This is Part 2 of our m-TDI motor swap, Part 1 can be found here. For those who would like to refer to this post as a resource for your own build, be sure to click on all the photos as additional information is contained within individual captions. Anything we've done that you try to repeat you are doing so at your own risk (good luck!).
This was an enormous, exhausting, exhilarating, adventurous and at times painful project. More than anything it was an absolute blast, and Jacqui and I know the tight deadline we set for ourselves added to the chaos. We arrived at the DIY auto shop with a van full of parts and spent eight days, nine Uber (cab) rides, a dozen runs to part stores, two last minute internet orders and countless task repetitions to complete our swap.
I lost count of how many parts had to be removed and reinstalled 3, 4 or even 5 times until they fit just right or how many smooth sailing projects came to a sudden halt until we procured the correct fastener, hose or coupling. If we had to do this project all over again, with all we've learned, we could certainly cut the time in half.
The afternoon we picked up our motor from Quality German also marked the day we started at Your Dream Garage. We were eager to get this project underway and needed to be smart, organized and decisive to finish in a timely manner. After nine weeks of ordering everything my brain could anticipate we’d need, we were now on the clock at the DIY garage and paying nights at the hotel across the street. Time was now money and it was time to hustle.
With the help of many donor parts from the very rare 1982 Diesel Vanagon, there were many bolt on/ready parts which dramatically cut down on time that otherwise would be dedicated to fabrication. VW never intended for this engine to be in a Vanagon so a huge amount of tinkering, creativity, trial and error are required to bring it all together.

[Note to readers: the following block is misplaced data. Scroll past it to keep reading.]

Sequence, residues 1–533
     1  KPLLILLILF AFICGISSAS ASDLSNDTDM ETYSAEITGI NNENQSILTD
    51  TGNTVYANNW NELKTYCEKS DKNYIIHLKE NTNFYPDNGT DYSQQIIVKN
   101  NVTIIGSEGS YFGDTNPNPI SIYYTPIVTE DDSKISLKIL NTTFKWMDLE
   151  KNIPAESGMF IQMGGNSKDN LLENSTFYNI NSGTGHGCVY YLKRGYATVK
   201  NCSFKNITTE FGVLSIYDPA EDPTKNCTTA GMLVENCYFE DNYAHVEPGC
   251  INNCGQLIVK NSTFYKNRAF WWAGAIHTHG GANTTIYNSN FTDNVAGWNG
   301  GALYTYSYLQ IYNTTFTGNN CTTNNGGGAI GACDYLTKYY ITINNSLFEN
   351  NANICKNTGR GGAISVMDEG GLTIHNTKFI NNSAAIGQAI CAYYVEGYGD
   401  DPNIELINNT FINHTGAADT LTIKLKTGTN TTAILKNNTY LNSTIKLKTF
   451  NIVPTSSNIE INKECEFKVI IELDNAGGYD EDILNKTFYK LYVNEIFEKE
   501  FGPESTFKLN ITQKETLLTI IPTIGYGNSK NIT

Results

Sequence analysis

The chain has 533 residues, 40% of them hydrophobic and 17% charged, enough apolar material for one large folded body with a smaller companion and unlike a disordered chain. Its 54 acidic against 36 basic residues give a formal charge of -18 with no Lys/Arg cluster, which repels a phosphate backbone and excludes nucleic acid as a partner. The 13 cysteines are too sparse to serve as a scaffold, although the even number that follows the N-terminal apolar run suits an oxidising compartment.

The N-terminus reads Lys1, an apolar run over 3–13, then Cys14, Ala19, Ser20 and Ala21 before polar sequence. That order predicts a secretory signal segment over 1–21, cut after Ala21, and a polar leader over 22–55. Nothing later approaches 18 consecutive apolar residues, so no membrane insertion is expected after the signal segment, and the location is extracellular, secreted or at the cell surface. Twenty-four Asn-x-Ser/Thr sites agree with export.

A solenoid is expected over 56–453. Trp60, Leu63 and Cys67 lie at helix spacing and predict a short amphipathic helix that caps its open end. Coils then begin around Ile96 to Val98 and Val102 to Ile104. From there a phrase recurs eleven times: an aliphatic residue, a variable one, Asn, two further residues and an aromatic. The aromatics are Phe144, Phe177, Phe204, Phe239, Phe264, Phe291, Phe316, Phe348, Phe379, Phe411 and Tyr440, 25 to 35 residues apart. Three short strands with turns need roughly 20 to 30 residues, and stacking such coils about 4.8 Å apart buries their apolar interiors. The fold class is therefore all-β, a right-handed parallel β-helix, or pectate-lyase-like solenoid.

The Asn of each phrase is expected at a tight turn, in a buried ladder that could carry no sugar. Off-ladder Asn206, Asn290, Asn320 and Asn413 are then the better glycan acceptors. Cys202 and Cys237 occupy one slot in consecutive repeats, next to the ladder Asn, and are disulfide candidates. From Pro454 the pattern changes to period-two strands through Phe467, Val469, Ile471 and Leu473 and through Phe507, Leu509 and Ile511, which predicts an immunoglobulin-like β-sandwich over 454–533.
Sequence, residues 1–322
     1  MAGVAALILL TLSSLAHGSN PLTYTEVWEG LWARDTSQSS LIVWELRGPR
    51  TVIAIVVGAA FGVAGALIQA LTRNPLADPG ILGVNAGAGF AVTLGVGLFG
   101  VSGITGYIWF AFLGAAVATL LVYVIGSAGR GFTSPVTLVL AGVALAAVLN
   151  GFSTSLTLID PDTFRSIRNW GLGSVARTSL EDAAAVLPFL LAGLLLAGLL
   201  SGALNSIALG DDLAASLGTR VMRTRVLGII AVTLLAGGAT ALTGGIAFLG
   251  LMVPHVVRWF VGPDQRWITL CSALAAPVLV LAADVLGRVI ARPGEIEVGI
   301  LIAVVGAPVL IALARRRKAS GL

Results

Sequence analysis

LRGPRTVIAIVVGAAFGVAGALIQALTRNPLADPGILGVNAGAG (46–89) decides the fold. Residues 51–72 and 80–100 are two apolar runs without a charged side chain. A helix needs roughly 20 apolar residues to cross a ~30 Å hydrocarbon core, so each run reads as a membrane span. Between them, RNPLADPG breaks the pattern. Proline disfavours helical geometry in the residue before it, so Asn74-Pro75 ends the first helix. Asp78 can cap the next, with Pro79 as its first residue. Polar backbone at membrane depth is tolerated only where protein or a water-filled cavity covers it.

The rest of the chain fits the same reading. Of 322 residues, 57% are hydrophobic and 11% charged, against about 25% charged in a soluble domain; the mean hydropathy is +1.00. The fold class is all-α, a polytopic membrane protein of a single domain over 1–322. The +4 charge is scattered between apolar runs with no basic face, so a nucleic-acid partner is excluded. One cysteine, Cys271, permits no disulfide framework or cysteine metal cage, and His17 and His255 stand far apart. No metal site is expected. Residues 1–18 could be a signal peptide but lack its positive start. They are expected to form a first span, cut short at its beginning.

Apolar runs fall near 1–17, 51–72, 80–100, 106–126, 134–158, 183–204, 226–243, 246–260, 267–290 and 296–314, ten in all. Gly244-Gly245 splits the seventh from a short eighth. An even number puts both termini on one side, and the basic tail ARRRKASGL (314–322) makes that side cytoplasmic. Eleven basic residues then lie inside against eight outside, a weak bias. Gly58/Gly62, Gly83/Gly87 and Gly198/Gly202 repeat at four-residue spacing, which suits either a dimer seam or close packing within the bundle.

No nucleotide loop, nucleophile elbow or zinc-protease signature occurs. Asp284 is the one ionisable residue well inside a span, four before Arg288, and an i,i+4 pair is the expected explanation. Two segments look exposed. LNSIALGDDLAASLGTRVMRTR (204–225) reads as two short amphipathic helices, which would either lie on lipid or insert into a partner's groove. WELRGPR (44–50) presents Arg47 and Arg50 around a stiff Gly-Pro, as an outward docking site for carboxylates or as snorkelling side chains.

When all was said and done we got a brief taste of this engine's capabilities and clocked 28.25mpg by the first fill-up. This was right before, by no fault of our own, the engine nearly destroyed itself. If you want to hear that story, you’ll have to tune in for the dramatic finale to our 3 part motor swap saga.
The first afternoon our task was to prepare the new engine with any accessories required to fit it in our engine bay. More importantly it was our last opportunity to develop a shopping list as Penny was going on the lift in the morning and we'd have to rely on Uber from then on out.
Preparing the engine
Originally our engine came from a sedan and had been computer controlled. Our task was to make it fit in a van, run without electronics (Quality German took care of building the mechanical injection pump) and lay the motor on it’s side to fit inside an engine compartment that was designed for a pancake engine.
- DV (Diesel Vanagon) oil pan
- DV oil pickup
- DV dipstick with tube
- DV carrier bars (<1982 for air-cooled transmission, 1983+ for waterboxer)
- DV passenger-side engine mount
- Custom driver’s side engine mount
- DV flywheel + clutch
- DV lower water pump outlet
- DV crankshaft needle bearing
We prepped the engine with a Lego-style approach. If you obtain all the Diesel Vanagon parts it significantly decreases the number of items you need to fabricate and VW was nice enough to make everything bolt together with simplicity. Since our motor was built by Quality German to operate without electronics, all the various wires and sensors needed to be stripped off with an exception for the glow plug harness. Fully prepped, there should be two wires to the alternator, one wire to the pump, and two wires for the glow plugs but we're still a long way from needing to worry about that.